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United States v. Coachman

January 20, 2010

UNITED STATES OF AMERICA,
v.
JAWAN BARNETT COACHMAN A/K/A DARRYL CLARK



The opinion of the court was delivered by: Terrence F. McVerry United States District Court Judge

MEMORANDUM OPINION AND ORDER

Pending before the Court is the JAWAN BARNETT COACHMAN'S MOTION TO SUPPRESS EVIDENCE AND STATEMENTS WITH CITATION OF AUTHORITY, filed on behalf of Defendant Jawan Barnett Coachman on November 19, 2009, docket entry number 36 (Doc. # 36), and GOVERNMENT'S RESPONSE TO DEFENDANT'S DISCOVERY MOTIONS filed by the United States on December 11, 2009, (Doc. # 37). On November 20, 2009, an evidentiary hearing was ordered to consider the motion, and the hearing was conducted on January 4, 2010. All parties were represented by counsel who presented and argued the issues skillfully and effectively. The motion is now ripe for disposition.

Based on the testimony and evidence presented during the suppression hearing and the applicable law, the Court issues the following Findings of Fact and Conclusions of Law pursuant to Federal Rule of Criminal Procedure 12(d). For the reasons that follow, the Motion is DENIED.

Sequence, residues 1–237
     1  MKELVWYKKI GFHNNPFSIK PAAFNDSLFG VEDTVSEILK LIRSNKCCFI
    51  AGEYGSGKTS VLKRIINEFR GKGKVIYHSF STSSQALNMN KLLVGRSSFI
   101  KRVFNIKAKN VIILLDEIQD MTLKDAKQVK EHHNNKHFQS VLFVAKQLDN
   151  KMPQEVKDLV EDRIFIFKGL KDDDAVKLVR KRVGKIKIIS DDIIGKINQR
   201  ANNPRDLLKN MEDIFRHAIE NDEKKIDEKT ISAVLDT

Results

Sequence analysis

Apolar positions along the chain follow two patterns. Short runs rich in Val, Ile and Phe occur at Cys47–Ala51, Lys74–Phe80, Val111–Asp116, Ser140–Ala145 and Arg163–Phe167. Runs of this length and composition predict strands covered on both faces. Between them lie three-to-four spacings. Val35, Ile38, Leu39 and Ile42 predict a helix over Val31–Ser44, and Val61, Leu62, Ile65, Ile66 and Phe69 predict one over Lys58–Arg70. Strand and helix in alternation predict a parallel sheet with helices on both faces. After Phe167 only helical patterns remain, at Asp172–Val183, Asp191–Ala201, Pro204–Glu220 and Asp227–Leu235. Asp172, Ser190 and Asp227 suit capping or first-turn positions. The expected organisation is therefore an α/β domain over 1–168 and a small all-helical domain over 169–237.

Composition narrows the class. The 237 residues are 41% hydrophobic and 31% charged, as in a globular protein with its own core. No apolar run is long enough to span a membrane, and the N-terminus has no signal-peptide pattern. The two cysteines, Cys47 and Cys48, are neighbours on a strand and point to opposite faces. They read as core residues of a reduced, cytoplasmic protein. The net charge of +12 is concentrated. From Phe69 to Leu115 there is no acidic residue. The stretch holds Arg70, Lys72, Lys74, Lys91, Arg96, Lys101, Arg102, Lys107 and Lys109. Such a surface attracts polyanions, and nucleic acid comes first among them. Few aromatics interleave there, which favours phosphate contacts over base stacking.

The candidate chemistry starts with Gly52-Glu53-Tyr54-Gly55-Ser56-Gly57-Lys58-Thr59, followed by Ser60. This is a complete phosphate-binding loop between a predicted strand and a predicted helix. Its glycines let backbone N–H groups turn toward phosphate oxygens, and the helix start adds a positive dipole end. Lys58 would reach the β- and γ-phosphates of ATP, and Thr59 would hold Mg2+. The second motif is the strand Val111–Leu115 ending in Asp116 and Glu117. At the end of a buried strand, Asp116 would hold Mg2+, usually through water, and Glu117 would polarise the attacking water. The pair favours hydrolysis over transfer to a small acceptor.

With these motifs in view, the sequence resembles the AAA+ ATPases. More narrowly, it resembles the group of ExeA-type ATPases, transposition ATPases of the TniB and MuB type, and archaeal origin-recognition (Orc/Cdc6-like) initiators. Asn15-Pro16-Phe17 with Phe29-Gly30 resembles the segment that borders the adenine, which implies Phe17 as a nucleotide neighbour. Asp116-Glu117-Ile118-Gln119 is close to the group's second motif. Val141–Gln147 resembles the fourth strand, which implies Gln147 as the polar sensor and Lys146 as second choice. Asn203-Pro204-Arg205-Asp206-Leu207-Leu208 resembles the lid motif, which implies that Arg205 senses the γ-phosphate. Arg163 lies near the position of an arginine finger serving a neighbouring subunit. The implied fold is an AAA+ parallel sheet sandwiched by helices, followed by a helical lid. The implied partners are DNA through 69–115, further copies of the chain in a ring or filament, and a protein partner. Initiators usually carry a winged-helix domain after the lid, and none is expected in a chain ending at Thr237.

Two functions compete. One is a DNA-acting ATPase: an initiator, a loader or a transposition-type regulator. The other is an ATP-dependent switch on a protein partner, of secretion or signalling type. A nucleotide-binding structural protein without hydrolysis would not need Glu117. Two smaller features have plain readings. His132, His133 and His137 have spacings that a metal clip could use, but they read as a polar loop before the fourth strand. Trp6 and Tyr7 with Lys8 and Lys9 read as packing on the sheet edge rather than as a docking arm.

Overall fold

FINDINGS OF FACT

In the afternoon of January 8, 2008, Defendant was operating a silver Ford Taurus and driving southbound along Blackadore Avenue in the Homewood section of Pittsburgh. Blackadore Avenue is a two lane paved road, with space for parking available along both sides of the road. Ferndale Street is an unmarked paved road and generally proceeds in an east-to-west direction. Ferndale Street intersects Blackadore at a four-way intersection controlled by stop signs. There are no lines painted on the surface of Blackadore Avenue to indicate the points where cars are required to stop in compliance with the stop signs. At approximately 2:51 p.m., officers of the City of Pittsburgh Bureau of Police, Narcotics Division, stopped the Defendant's vehicle. The basis for the stop was due to the Defendant's alleged failure to have made a complete stop at the stop sign at the intersection of Blackadore and Ferndale.